“Education is a Contamination of Women”
It has been gently pointed out to me that while I have written lots about my preparations for my trip and a little about how this trip came about, I haven’t actually explained what I will be doing in South Sudan.
The frank and honest answer is that I don’t really know yet.
As I think I mentioned before, I offered two months of my time to a mission in South Sudan led by Fr. Tim Galvin who is a Kiltegan Father. In our communications thus far, he has expressed the value of my trip in showing girls that there are options. There are other lives to be lead and that education is important.
I will arrive in Narrus at the end of the first week of September. From then until the children return to school on September 23rd I will do whatever is needed. I don’t know what that will be yet but I expect it will involve learning a lot about the customs and cultures of the Toposa people. From September 23rd until I leave I will teach at one of the schools in Narus.
Of course, being a compulsive planner, I have spent a great deal of time reading as much as I can about the Toposa. They are a farming people who have a very structured social make up. While most children are educated in primary school, relatively few women carry on to secondary level education. Girls have a “value” in terms of their dowry and young girls are often promised to men much older than them. I read in one of the many blogs that I have studied that many Toposa still think that “education is a contamination of women”. This phrase really struck me and made me terribly sad. Each and every girl should have access to an education regardless of what the future holds for them.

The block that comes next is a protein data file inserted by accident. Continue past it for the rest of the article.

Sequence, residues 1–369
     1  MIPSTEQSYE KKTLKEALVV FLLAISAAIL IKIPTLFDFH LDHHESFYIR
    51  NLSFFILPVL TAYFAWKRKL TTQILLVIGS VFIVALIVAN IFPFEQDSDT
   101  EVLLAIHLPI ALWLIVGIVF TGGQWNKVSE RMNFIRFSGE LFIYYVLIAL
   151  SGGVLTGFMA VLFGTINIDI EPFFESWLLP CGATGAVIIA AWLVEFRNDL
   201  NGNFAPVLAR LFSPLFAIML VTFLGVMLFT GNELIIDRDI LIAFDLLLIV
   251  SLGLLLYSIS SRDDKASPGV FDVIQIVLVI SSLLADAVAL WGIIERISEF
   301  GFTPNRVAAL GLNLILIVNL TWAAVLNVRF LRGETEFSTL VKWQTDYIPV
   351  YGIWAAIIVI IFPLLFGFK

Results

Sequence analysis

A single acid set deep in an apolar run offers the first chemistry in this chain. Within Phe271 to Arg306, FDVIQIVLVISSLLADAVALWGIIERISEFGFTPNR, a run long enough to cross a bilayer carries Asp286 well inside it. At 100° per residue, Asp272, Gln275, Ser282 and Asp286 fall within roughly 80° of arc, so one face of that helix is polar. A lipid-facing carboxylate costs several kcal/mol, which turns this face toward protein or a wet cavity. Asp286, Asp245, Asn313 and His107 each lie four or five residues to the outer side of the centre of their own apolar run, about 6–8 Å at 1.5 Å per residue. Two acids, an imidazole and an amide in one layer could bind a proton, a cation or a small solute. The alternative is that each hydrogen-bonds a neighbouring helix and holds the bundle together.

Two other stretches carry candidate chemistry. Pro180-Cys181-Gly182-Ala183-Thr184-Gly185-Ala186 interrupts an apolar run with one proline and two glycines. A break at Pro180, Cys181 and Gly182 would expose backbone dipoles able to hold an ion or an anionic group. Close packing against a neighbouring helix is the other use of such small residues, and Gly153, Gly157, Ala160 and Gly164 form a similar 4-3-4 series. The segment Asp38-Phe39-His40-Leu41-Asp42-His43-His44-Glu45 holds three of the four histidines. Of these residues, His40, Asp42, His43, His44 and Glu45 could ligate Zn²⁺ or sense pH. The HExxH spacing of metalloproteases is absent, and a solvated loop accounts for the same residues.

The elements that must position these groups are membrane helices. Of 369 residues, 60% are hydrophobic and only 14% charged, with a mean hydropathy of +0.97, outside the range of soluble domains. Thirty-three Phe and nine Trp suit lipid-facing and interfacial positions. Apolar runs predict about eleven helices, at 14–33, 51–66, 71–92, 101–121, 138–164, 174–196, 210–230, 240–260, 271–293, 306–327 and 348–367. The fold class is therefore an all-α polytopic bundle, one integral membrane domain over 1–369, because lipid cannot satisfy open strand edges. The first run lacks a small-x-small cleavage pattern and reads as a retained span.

I feel that this is particularly important for a country that is just two years old. If South Sudan is going to see the success that the rest of the world hopes for it, it must harness that young energy regardless of the gender of the body that holds it. Almost 75% of the countries population is under the age of 30. Just imagine what the future could hold in store for South Sudan.
So, the answer is that I’m not entirely sure what each day will hold for me but I will do as I’m directed and try to learn as much as I possibly can.